When your pet seems perfectly healthy, you may wonder if an annual physical exam is even necessary. Every pet owner has wondered about the importance of yearly pet exams since they’re always encouraged by vets and pet specialists.
According to current statistics, interest in adopting or buying a pet has increased exponentially, but the number of pets receiving veterinary care is declining. The American Animal Hospital Association (AAHA)1 and the American Veterinary Medical Association (AVMA) state that pets are dealing with preventable diseases now more than ever.
Even if your pet seems perfectly healthy, it’s crucial to have them examined by a vet at least once a year. Most pets, especially cats, are good at hiding illnesses and pain, so there may be something wrong with your pet before you realize it.
Keep reading to learn about how annual pet exams can help you prevent these illnesses at the right time.
What Is an Annual Pet Exam?
An annual pet exam consists of three stages: checking the pet’s history, conducting a physical exam, and discussing follow-up diagnostic tests. Here’s what a yearly pet exam can look like at the vet:
In this part of the annual pet exam, the vet asks the pet owner about the pet’s diet, exercise schedule, housing, previous vaccine history, medical problems, supplements, and medication. You may also need to provide information about the pet’s appetite, thirst, energy levels, and elimination patterns.
If you have any concerns about pain, diarrhea, or vomiting, it’s essential to let your vet know. The owner is responsible for remembering and relaying all such information since the pet can’t verbalize what they’re feeling.
All pets, especially cats, are great at hiding their diseases and pain, so you’ll need to keep an eye out for subtle changes and details. Then, you may report them to your vet since they can be pretty insightful.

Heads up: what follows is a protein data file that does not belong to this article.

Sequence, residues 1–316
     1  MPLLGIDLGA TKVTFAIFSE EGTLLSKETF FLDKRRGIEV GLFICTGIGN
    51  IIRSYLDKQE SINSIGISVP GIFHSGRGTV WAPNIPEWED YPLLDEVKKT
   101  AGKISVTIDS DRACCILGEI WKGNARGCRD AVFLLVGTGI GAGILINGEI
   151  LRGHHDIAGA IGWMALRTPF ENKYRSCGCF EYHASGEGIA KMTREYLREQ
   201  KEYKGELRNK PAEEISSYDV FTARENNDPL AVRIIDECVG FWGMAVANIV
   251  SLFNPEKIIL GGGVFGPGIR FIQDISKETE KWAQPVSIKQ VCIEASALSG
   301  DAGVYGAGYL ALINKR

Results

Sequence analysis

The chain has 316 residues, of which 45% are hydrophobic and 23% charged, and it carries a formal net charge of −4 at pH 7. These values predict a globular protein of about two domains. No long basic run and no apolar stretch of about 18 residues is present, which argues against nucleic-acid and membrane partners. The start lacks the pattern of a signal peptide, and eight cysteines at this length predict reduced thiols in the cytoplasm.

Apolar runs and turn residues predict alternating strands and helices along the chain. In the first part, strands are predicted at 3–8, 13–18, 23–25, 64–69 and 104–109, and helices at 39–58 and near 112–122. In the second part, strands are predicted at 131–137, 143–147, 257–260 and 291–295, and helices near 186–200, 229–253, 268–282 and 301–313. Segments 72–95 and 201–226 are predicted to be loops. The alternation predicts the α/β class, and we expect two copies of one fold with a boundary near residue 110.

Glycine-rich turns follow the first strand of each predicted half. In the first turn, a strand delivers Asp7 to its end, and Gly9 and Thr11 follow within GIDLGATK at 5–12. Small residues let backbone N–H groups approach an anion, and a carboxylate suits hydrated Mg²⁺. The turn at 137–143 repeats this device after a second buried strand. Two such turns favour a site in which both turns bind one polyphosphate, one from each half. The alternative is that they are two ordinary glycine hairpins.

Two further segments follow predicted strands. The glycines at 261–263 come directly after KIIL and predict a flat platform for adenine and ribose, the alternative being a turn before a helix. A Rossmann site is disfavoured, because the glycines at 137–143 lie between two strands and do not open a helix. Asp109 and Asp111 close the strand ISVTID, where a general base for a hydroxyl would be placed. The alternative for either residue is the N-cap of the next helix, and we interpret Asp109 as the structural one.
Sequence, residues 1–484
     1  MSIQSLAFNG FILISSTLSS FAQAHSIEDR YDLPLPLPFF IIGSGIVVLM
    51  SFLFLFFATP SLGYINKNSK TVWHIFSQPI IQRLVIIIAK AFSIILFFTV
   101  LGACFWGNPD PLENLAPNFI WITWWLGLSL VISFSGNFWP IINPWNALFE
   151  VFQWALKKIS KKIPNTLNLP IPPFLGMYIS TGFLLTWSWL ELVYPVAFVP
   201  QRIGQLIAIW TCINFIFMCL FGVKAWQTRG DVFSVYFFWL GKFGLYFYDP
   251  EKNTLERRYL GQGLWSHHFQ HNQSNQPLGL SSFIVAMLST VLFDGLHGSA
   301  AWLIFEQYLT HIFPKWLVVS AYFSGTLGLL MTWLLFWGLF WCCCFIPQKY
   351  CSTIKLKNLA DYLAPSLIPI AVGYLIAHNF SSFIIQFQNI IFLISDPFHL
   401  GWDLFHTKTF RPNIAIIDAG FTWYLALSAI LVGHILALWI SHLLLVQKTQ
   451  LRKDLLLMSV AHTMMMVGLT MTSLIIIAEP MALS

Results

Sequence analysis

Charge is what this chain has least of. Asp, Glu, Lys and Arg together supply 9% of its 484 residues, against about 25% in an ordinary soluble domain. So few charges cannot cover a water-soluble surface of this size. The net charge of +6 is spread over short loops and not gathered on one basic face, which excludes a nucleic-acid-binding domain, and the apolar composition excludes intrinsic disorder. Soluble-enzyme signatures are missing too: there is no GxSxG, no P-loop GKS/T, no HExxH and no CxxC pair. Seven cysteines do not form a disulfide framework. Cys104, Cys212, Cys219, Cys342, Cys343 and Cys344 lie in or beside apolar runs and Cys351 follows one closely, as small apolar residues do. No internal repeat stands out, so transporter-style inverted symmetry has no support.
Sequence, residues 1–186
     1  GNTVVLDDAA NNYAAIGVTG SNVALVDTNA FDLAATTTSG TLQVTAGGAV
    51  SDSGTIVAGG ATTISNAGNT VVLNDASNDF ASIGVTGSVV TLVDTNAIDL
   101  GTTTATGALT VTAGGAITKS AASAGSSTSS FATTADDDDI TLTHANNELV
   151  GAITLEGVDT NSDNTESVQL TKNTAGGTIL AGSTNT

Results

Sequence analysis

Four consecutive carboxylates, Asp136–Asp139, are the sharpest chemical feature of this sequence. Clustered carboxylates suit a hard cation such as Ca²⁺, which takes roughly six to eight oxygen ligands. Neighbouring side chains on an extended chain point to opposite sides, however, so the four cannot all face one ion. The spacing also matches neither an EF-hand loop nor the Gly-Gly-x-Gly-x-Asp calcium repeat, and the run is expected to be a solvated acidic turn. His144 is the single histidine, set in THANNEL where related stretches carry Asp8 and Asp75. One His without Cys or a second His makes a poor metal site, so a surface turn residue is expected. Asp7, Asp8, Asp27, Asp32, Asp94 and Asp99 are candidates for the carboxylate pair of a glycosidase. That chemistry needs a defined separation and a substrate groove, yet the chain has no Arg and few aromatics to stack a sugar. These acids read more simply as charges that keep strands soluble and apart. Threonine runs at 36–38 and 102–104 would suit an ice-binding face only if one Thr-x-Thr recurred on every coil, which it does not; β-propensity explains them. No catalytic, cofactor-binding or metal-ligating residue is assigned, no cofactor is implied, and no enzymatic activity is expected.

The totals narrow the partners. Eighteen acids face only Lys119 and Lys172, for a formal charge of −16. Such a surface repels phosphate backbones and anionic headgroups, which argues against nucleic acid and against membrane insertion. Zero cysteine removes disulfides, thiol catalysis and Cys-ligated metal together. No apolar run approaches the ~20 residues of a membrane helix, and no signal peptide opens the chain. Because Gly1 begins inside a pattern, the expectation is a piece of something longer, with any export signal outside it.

The physical exam will require the vet to evaluate your pet from head to toe. They’ll typically start with the years, looking for foul odors or signs of infection, while the eyes may display signs of visual deficits, infection, cataracts, or inflammation.
Then, the vet assesses the nose for concerning congestion sounds or nasal discharge. Meanwhile, the oral cavity can show signs of dental diseases, such as infected or fractured teeth, along with painful ulcers or oral masses.
Once they’re done evaluating the head, they will check for painful or enlarged lymph nodes, which can expand due to cancer, inflammation, or infection. The vet will also listen close for unusual sounds from the heart and lungs.
Heart murmurs can indicate the presence of heart diseases, such as heart arrhythmias, which is crucial to detect since it can be fatal. Gently palpating the abdomen will help them ensure the pet is not in pain.
This can also help them discover enlarged spleens or livers or abnormal kidney sizes. Finally, they will discuss the pet’s muscle mass, which can indicate decreased mobility due to pain or some endocrine diseases.
The vet will finish off the physical exam with a few other assessments, depending on the pet.
Checking the pet’s history and conducting a physical exam can help the vet determine whether your pet is healthy and happy with no abnormalities in their exam. If that’s the case, they’ll recommend any necessary vaccinations or routine tests, such as one for heartworm disease or fecal parasites.
If these tests are required, they’ll typically perform them in the same session. This is also a good time to refill any medications your pet may be on. Some baseline lab work will also be necessary for older pets that are still doing clinically well.
This often results in the discovery of diseases the owner may not have noticed. Since pets cannot talk, it’s crucial to pay extra attention to them when they inhibit the simplest signs of pain or discomfort.
Importance of an Annual Pet Exam